Canada plans to bring Syrian refugees from camps in Turkey, Jordan and Lebanon, the immigration minister John McCallum has said, via a combination of commercial and military aircraft and, potentially, ships.
“How will 1000 per day be screened?” Michelle Rempel, a former Conservative legislator, asked McCallum on Twitter. “What parts of the process will be dropped?”
On Sunday, Goodale said the first round of checks would be done by the United Nations’ refugee agency.
“Then we have our own, and we check all of the available information against all of the available databases to make absolutely certain about who we’re dealing with,” he told a CTV News political show, adding: “Can it be 100 percent foolproof? Well, nothing in life is 100 percent, but we’re satisfied that the process is strong and robust.”
Christine Duhaime, a Vancouver-based terrorism financing expert, said the government “has to either assume the risk or slow down the process” and take in a smaller number of refugees whose identity can be confirmed by border agents.
Friday’s deadly attacks in the French capital reignited a global debate over radical Islam and the risk that militants can slip in among refugees escaping violence in the Middle East for the West.
“We should slow down and think twice, thrice or however many times it takes to be safe,” said Juliet Quizzagan, a home care worker in Vancouver, who was interviewed outside a train station.
Some populist leaders around Europe demanded an end to an influx of refugees and migrants from the Middle East and Africa on Saturday after the Paris attacks claimed by Islamic State militants.
Canadian public sympathy for Syrian refugees was galvanized after the body of a Syrian toddler washed up on a Turkish beach in September and it emerged his family had been trying to emigrate to Canada.
A spokesman for Quebec’s Immigration Minister Kathleen Weil said the province would maintain the goal announced in September of accepting 2,400 sponsored refugees within the next few weeks.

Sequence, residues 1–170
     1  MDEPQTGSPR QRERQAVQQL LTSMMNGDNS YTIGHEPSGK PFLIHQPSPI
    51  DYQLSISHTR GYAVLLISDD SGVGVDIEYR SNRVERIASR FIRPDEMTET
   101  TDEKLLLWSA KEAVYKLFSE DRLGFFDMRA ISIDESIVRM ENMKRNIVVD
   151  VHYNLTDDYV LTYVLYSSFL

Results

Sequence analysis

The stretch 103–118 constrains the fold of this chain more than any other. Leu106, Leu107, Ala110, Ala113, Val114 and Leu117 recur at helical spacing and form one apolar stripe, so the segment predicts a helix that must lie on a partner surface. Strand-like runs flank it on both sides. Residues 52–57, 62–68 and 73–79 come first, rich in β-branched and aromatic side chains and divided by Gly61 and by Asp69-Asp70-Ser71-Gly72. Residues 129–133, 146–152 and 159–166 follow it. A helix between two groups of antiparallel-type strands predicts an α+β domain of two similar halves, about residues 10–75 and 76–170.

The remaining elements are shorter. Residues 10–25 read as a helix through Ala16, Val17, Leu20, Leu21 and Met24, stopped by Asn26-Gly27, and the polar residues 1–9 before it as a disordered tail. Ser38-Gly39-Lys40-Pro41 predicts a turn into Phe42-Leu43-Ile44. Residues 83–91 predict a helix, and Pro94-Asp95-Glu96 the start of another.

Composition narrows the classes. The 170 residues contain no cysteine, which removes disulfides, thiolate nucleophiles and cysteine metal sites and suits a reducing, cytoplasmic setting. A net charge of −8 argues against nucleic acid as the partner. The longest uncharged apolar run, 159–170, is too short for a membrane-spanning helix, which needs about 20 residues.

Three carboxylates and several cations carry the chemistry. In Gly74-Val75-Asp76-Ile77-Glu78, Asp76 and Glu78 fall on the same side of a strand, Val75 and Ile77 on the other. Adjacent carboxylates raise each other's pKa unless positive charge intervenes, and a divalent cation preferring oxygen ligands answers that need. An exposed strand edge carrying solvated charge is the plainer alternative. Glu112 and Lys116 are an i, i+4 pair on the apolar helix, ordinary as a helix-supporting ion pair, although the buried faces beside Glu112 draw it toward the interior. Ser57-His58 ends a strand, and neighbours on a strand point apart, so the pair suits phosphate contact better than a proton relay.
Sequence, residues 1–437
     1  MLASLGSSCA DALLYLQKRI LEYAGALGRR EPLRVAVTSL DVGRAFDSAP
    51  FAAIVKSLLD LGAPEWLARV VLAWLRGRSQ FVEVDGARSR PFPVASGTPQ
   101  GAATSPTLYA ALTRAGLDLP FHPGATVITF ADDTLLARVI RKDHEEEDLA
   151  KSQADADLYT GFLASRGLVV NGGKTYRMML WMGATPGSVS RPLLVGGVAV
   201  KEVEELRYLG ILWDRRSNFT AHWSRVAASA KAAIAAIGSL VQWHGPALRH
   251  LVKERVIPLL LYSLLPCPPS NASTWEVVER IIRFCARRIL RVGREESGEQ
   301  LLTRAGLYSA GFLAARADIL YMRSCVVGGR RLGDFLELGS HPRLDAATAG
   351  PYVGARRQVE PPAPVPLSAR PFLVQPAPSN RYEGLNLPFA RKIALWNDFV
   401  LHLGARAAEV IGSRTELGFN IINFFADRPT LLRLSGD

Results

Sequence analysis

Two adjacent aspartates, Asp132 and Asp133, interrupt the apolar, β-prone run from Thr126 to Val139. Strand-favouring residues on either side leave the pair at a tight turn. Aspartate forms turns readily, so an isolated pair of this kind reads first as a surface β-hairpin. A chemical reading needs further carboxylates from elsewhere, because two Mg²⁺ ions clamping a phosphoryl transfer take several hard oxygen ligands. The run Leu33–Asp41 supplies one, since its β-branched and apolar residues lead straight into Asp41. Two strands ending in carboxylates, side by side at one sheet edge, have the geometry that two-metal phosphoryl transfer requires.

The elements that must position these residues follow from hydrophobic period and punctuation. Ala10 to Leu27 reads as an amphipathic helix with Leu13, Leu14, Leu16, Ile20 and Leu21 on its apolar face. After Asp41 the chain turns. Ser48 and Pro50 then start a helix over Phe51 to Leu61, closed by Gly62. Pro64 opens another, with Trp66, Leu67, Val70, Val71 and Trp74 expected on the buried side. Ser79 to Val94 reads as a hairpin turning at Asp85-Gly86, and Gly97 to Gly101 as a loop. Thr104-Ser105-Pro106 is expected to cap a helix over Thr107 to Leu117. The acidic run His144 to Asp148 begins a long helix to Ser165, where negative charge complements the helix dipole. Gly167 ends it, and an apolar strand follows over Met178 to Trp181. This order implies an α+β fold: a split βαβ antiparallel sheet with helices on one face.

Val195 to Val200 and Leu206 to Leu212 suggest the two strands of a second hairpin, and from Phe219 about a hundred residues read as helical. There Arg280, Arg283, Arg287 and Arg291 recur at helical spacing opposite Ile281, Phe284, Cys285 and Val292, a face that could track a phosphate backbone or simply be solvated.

In Montreal, signs of solidarity with France were everywhere, including French flags affixed to balconies and posters carried at vigils.
Some of the people at the vigils said accepting more Syrian refugees was the right thing to do. Rachid Ajdahim, 18, who lives in Montreal and is of Moroccan heritage, said the Canadian government must screen refugees to ensure they do not pose a risk but still provide them with a safe haven. “If we don’t bring them here, then where will they go?” he said.
Several communities across Canada, including military bases, were preparing for the Syrian refugees. The Immigration Department hosted a conference call with community organizations on Friday to lay the groundwork for their arrival.
While details are sparse, Air Canada has offered to airlift refugees and both the military and civilian groups are preparing to feed, clothe and house them as winter hits.
Some 3,000 refugees are expected in Alberta, the heartland of Canada’s energy industry. Calgary Mayor Naheed Nenshi, the first Muslim mayor of a major North American city, dismissed social media posts that linked the Paris attack with Syrian refugees.
Asked whether he wanted a majority of refugees to be housed in downtown Calgary, Nenshi tweeted: “They’re trying to escape the same people who perpetuate this kind of violence. So, yes.”
Additional reporting by Mike De Souza in Calgary, Julie Gordon in Vancouver, Randall Palmer in Ottawa, David Ljunggren in Antalya; Writing by Andrea Hopkins; Editing by Martin Howell